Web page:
On Any Given Friday Night
Copyright © Erik Pennebaker, All rights reserved

The night starts with some appetizers - homemade bruschetta, some homemade donut holes (more like, deep-fried sweet yeast bread than donuts really). Dinner is deep-fried catfish over corn relish with spicy mayonnaise, some sort of greens (perhaps mustard?), jicama salad, and deep-fried brussels sprouts.

Dessert - a wonderful tart, fruit laid out perfectly, a lite glaze....and some more donuts.

The wine drinkers finished off the four bottles above (plus a white opened to start.)

Enjoying wine is about creating a history of your own with types of wines, types of grapes, vineyards, places....these all have a story for me. The barbera (from this vineyard) was perhaps the first wine I really tasted ever, probably a 2002 or so. It started an italian wine kick that has never formally ended. Italian reds are wonderful and easy - spending $10 on a barbera like this one is a pretty safe bet. Serve with anything slightly spicy or tomato-y (like bruschetta) and all kinds of magic happens. This particular barbera is pretty common and while not mind blowing I grab a bottle every once in a while for old times' sake.

The pennywise petite sirah was a recent find at whole foods. A great deal at $10. Petite sirah is uncommon, usually kept in a small section or just grouped with the sirahs (which is not the same thing). Imagine acidic, tannic, full bodied, then turn the knobs down to 6 or 7. I've been able to find some good petite sirahs for $15, although at times some miss the mark, being decent but not very representative of the grape. Anyway the petite sirahs are my latest interest - I got one bottle of this, then got four the next time. Probably I'll never see the label again, or if I do it won't be good. Some wine maker bought some cheap grapes and managed to make an inexpensive, pleasant wine. Many cheap wines just try to hard. If you are still tasting it after ten seconds, it is probably not a good thing. A good table wine lights things up for a few seconds and then passes modestly from the palate, and doesn't turn your teeth purple or give you a headache.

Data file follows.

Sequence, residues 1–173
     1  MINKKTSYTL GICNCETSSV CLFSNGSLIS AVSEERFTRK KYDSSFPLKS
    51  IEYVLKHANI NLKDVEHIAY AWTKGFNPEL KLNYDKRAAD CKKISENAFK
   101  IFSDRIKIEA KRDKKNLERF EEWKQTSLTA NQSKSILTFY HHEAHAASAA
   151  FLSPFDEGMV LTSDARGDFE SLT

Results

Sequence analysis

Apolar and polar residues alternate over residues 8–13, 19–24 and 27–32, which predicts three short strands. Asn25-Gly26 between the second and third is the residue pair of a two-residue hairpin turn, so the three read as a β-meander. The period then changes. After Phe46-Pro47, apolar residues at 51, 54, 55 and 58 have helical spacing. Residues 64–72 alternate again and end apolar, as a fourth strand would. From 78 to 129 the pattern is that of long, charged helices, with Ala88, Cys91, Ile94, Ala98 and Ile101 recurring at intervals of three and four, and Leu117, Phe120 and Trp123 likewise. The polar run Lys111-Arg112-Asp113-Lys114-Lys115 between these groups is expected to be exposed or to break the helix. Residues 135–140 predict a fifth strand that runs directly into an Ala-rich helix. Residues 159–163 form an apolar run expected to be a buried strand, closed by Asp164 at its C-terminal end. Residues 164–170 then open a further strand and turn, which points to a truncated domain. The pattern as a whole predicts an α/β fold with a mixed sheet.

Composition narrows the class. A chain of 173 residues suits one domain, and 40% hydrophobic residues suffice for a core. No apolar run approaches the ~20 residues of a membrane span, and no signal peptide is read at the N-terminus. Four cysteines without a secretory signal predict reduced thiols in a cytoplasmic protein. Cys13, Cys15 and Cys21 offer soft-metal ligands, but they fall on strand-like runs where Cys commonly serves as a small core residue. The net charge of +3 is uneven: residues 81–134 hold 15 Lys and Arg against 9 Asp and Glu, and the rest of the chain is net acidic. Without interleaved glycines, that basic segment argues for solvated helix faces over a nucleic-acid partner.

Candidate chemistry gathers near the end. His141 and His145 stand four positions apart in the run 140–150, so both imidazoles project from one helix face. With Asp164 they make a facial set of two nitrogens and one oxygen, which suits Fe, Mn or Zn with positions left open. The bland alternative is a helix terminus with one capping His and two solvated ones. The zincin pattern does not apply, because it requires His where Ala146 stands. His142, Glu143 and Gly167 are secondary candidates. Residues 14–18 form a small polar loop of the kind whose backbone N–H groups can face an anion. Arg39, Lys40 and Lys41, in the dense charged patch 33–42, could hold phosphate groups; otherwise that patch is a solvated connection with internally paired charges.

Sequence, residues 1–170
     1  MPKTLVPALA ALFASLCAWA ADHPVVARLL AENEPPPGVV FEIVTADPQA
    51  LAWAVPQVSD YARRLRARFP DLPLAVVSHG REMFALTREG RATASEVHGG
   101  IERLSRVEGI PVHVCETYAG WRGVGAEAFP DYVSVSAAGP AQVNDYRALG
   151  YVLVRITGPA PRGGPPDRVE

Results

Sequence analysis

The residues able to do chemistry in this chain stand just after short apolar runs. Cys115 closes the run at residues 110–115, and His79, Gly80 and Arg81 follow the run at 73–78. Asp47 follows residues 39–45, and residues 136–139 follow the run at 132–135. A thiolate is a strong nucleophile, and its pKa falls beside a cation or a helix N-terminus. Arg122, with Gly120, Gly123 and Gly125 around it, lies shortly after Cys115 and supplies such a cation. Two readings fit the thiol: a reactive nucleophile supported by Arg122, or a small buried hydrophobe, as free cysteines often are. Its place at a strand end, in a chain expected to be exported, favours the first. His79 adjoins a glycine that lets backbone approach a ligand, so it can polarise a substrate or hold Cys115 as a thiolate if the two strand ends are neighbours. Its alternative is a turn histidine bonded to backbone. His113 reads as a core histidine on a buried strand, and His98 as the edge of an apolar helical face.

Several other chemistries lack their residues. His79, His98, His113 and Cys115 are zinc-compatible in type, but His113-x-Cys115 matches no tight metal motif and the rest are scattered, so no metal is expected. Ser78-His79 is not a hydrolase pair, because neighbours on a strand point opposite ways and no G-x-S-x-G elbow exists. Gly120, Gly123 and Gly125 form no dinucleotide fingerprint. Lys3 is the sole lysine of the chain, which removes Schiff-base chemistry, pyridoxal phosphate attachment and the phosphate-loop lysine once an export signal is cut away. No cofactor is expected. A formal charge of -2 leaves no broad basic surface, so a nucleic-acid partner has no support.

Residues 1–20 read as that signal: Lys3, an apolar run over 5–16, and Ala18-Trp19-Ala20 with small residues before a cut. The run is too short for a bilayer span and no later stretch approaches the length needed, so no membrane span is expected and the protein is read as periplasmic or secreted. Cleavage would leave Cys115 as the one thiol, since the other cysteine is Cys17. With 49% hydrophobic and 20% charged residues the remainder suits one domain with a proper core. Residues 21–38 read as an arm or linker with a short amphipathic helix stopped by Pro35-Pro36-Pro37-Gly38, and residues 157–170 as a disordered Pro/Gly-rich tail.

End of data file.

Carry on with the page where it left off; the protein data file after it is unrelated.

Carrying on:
Rick came across the Iron Horse pinot noir, which we liked a lot. Eventually we went to the vineyard and got to try this pinot rose. A red versus a white wine is simply an issue of how long the skins are left in, if I recall. A cheap rose can be made by mixing white and red wine. Roses are treacherous wines. A great way to mask a bad red is to mix it with a bad white, or vice versa. It's hard to find a good one, but I like the iron horse quite a bit. At $20 a bottle it's not a bad price. At the vineyard I was a little disappointed with all the reds that I had gone there to try, although it was our 3rd vineyard and my palate might have just been shot. The Rose de Pinot Noir was a great match for dinner, when a red might have not worked well with the fish, but a white might have been too light.

The Travaglini Gattinara is like a well upgraded barabera, with an upgraded price. Unlike a lot of french or american reds, a lot of italian wines don't try to take over the table; they are there to make the food and conversation come together. They sacrifice themselves, not leaving a huge and distinct mark on your memory, but becoming part of the gathering themselves. Like a group of friends getting together and eating and drinking, you may not recall what was talked about the whole time, but you remember that it was damn good.

And we'll be doing it again next week...

[ tags: barbera dmc-lx3 farina food Gattinara ironhorse pennywise people stefano Travaglini wine ]

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